]. Pyridine has previously been proposed as a marker of the baked roasting defect [31
], consistent with the present study. Pyridines and alcohols like 2-methyl-1-propanol, 3-methyl-1-butanol, and 2-methyl-1-butanol were more dominant in the ‘Baked’ profile and can further contribute to a fusel or roasty aroma character. Certain volatiles in the ‘Baked’ profile such as 3-methyl-3-buten-1-ol and 3-hexanone may still contribute to a slight fruitiness; however, from sensory analysis, the subtle fruity notes seem obscured in the presence of intense roasty Maillard derivatives. Other studies, not specific to development time, have shown that low-temperature roasting with a longer duration produces a coffee with less headspace intensity and acidity when compared to its more quickly roasted counterpart [11
]. It is important to acknowledge that most volatile compounds exist in all samples, whereas the proportion of each compound varies to a large extent, leading to a shift in the perceived flavour profile of the coffee. The importance of each compound may shift due to the formation dynamics in the roasting process, consistent with other studies [32
The degradation of acids with longer development times was correlated with a reduced perception of Acidity in the Baked coffee. It is notable that all acids appear to be degraded to the same extent, meaning the ratio of particular acids does not change as an effect of development time. A popular theory in the coffee roasting community is that certain roast profiles may favour a particular composition of acids, allowing the roaster to highlight a specific acid. The findings of this study indicate that development time does not allow for such alterations. This is consistent with other authors suggesting a decrease in acids with prolonged overall roast times without changes to the relative composition of the acids [11
Contrary to popular belief in the specialty coffee industry, a sweet perception in the brew is very unlikely to be due to the presence of sugars. A significant difference in the sensory perception of Sweetness was found between the coffee samples, yet no identifiable simple sugars were found from the NMR spectra. A concentration of 1 mmol/L of sugar, e.g., glucose or fructose, could be identified if present. Taste recognition thresholds of sugars are generally higher than 20 mmol/L [29
]. Furthermore, roasting has previously been shown to drastically degrade sucrose by up to 99% depending on the roast profile [25
]. Reducing sugars are formed from the hydrolysis of long-chain carbohydrates during the roasting process, but may rapidly enter as reactants in the Maillard reaction [33
]. It is thus unlikely for the carbohydrates to have a significant role in the sweet perception of the brew, considering the low concentration and the complexity of coffee substances inducing other sensations that may suppress a sweet taste.
The sweet perception in coffee could hypothetically be induced by aromas that exhibit characteristics of sweet foods and drinks, rather than an actual sweet taste from sugars. The ketones 2,3-butanedione (diacetyl) and 2,3-pentanedione are both described as exhibiting pleasant, buttery, caramel-like or butterscotch sensations [32
] and are both found in high concentrations in samples with shorter development times. In particular, diacetyl is a widely used compound in the food flavouring of sweet items [35
] and may partially explain the higher perceived sweetness found by the sensory panel in Fast and Medium. Schenker et al. (2002) and Baggenstoss et al. (2008) found 2,3-butanedione and pentanedione concentrations of fast roasts to be higher when compared to slower roasts, although these studies focused on overall roast time and not development time specifically. The compounds were found to originate from different sugar fragments, and both showed drastic degradation with longer roast duration [12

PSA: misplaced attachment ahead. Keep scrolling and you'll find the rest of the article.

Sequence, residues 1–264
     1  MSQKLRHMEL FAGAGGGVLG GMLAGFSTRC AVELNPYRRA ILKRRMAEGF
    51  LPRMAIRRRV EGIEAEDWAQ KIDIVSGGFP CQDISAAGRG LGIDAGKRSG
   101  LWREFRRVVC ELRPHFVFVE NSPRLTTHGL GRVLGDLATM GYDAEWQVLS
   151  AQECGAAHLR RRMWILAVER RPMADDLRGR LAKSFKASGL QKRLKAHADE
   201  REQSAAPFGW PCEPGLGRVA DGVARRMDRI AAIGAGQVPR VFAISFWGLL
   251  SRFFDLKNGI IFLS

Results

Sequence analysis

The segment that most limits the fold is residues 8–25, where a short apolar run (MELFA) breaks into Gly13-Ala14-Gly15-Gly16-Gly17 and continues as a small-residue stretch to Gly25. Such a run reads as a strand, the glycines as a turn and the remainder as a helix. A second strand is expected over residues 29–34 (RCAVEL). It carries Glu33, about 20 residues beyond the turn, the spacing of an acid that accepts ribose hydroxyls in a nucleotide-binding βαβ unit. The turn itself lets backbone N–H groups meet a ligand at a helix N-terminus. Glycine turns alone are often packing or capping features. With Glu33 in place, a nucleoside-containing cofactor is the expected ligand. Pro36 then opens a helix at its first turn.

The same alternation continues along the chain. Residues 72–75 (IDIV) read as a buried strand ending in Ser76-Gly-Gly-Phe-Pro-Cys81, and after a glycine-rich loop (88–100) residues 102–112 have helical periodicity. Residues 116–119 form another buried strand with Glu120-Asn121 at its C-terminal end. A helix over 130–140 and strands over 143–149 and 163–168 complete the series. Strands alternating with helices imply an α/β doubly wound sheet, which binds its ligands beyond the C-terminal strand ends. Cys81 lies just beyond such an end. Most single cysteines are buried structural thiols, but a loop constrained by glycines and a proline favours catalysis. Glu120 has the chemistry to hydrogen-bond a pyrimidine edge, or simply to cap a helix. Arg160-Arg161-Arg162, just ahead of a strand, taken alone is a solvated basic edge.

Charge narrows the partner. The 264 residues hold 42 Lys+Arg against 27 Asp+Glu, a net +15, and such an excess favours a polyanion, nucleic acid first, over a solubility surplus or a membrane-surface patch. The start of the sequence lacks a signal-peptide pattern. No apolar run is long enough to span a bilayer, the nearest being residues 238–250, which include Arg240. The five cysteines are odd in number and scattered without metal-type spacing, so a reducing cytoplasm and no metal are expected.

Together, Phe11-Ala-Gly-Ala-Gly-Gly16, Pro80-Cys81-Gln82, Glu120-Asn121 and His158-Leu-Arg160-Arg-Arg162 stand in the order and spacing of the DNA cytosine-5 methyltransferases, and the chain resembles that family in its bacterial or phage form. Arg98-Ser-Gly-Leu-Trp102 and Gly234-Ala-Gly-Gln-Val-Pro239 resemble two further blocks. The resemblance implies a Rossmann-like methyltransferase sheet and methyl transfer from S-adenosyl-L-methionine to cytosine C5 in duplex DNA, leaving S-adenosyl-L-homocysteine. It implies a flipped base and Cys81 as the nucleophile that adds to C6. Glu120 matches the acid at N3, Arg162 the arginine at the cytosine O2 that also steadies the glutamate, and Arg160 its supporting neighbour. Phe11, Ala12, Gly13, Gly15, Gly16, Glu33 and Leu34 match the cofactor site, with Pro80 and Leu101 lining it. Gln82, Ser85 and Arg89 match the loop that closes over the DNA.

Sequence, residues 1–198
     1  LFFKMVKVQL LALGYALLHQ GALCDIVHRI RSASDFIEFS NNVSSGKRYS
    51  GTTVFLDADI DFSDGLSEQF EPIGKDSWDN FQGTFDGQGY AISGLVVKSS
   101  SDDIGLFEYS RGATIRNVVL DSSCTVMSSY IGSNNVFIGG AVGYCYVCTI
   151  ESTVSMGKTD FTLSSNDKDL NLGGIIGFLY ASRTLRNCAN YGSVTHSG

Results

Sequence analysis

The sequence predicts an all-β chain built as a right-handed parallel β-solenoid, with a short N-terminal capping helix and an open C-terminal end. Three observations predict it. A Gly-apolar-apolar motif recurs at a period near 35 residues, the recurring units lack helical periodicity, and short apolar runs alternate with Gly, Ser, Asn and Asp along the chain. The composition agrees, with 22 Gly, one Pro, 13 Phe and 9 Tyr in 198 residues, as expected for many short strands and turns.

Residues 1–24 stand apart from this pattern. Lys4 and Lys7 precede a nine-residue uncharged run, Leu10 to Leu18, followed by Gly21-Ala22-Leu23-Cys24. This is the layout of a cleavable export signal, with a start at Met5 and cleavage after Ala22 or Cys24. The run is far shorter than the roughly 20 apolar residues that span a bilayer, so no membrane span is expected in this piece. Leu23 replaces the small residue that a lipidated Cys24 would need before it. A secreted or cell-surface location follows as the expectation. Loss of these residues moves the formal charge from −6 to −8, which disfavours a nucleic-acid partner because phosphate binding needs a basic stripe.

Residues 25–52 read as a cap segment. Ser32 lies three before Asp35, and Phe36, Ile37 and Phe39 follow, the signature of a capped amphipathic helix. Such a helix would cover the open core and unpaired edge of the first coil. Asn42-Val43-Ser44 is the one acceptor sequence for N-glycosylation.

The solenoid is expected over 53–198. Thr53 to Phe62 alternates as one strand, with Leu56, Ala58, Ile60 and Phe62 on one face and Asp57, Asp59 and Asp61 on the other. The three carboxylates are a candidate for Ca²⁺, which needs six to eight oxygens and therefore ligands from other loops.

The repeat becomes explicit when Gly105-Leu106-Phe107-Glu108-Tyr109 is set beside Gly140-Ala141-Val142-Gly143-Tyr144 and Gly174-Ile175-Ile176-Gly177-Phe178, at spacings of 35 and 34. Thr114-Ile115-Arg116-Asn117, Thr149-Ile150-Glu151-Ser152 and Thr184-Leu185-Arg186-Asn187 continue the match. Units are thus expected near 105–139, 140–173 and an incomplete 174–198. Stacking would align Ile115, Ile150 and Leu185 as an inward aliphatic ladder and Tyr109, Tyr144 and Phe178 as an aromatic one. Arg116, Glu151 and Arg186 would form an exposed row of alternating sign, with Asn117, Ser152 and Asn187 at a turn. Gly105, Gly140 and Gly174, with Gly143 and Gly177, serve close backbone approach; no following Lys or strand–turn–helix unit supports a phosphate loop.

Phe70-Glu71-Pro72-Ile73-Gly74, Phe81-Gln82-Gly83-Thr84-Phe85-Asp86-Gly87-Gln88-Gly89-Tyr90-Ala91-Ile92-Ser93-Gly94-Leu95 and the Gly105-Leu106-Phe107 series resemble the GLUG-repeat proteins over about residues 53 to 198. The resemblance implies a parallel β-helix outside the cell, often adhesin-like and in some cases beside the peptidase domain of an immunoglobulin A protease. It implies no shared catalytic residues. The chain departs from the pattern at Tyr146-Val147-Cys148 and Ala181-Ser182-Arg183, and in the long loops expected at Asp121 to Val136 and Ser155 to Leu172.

]. Furthermore, 2,3-butanedione has been shown to be stable even at high temperatures in the roasting process [32
]; hence, degradation in the present study is likely due to excessively extended roast development times. Other unknown compounds exhibiting a sweet taste may also play a role; however, they are yet to be identified in coffee.
Roast development time modulations facilitate a rather large alteration in the overall flavour profile, considering the uniformity of roast degree between the samples. Generalisation of the data is naturally limited due to the sample size and the vast diversity of coffee species. However, the present study sets a solid foundation for further research in coffee roasting with practically applicable results to aid the industry in their craft. Coffee roasters may benefit greatly from including development time as a process parameter in quality control programmes and product development processes, as the results illustrate that roast colour alone is not a sufficient indicator of the chemical and sensory properties of the coffee. Thus, an improved quality control process should include both colour readings and development time data when evaluating coffee roasting consistency. In addition, the results support the relevance of training the skill of modulating development time in certification programmes of the specialty coffee industry.
Whether development time changes are positive or negative is a question of consumer research that should be addressed by the specific segment targeted by the coffee roaster. Furthermore, the present study does not provide any information with regard to the ability of consumers in detecting flavour differences between development time modulations in coffee.
The study was limited to investigating the effects of roast development time at the specific roast degree of Agtron 76 ± 1. Whether these effects persist at different roast degrees is an interesting area for further research. The current roast degree was chosen as it is deemed relevant as a ‘Light roast’ in commodity roasting and a ‘Dark roast’ in speciality roasting.